Saturday, February 24, 2007

The Bat and the Nightingale

This was our assignment from this past week; to use the same techniques I mentioned earlier to rewrite the Chinese fable: The Bat and the Nightingale. My version titled "An Uncooperative Concert" is shown below.

On the majestic banks of the River Li, which flows through China, there was once a great forest in which resided many creatures. Although any of these creatures might make very interesting subjects, this tale tells of only two of them, of a bat and a nightingale.

The bat was a nocturnal animal, that is he slept the daylight hours away and patrolled the banks by night, in search of mosquitoes. The other was a nightingale. Although she also was nocturnal, it was just about the only thing she had in common with the bat. Singing was her main occupation, and she sang beautifully, so beautifully that the emperor himself came every night with his royal entourage to hear this tiny bird sing. Unfortunately all this attention made the nightingale quite vain and her neighbor the bat, who was a sensible if unattractive creature, began to feel the effects of it.

After her nightly concert for the emperor she always delighted in insulting and nagging the bat. "You lazy bat!" she would say "I sing nightly for the emperor and his court, and all you do is laze around and eat mosquitoes. You are of no real importance, you should learn to make yourself useful." The bat said nothing. Unhindered, the nightingale' s monologue flowed on, the bat however remained silent, because he was unwilling to engage in argument with such an overly loquacious creature. On the quiet dark banks, later that night, he concocted a clever plan, which would show the nightingale the necessity of talents other then that of singing.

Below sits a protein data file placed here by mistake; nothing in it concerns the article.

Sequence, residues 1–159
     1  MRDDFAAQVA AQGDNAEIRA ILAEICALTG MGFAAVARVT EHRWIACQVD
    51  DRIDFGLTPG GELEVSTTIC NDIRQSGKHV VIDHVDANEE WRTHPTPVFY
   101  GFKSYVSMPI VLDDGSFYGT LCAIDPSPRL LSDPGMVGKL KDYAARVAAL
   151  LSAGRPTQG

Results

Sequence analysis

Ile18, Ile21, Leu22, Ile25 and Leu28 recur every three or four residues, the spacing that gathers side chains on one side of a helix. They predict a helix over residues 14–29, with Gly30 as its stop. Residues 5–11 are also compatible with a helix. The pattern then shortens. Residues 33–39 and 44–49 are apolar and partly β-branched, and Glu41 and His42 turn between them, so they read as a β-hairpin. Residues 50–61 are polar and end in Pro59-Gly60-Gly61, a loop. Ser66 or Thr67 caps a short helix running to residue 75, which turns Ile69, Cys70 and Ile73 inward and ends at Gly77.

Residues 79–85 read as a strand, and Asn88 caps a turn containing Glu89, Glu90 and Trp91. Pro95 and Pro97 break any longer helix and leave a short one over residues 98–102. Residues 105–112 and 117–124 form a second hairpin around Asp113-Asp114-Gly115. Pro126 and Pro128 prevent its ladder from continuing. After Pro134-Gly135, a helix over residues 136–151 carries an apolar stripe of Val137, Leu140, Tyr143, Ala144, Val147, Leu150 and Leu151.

As usual, the emperor came with his typical company to hear the nightingale sing. Seemingly the concert would be the same as it always was, but in reality there was a difference. The bat had stayed at home, comfortably waiting to view the upcoming spectacle. In the branches above the audience mosquitoes swarmed. Unabated by the bat, hungry, called together by the presence of a group of humans, or in their minds food, they pounced. Havoc quickly ensued. Singing on, the nightingale did not notice the courtiers backing away and then running for cover. As the first mosquito pounced on him the emperor jumped, because he was a very small and very thin man his jump was quite astoundingly high, squealed and took off as fast as he could. He was a nervous excitable being and his movement consisted in a cross between a series of nervous jumps and frantic running, he reminded one of a very short grasshopper.

The nightingale then realized she no longer had an audience and seeing the bat hanging lazily on the branch of tree guessed the reason. Humbly she said to the bat "I'm sorry, I should have realized your importance in the forest instead of bragging about my talent. Will you forgive me?" Since the nightingale was really sincere and
because the bat was a kind creature, he did forgive her and from then on they acted in cooperation with each other and thus lived happily ever after.

1 comment:

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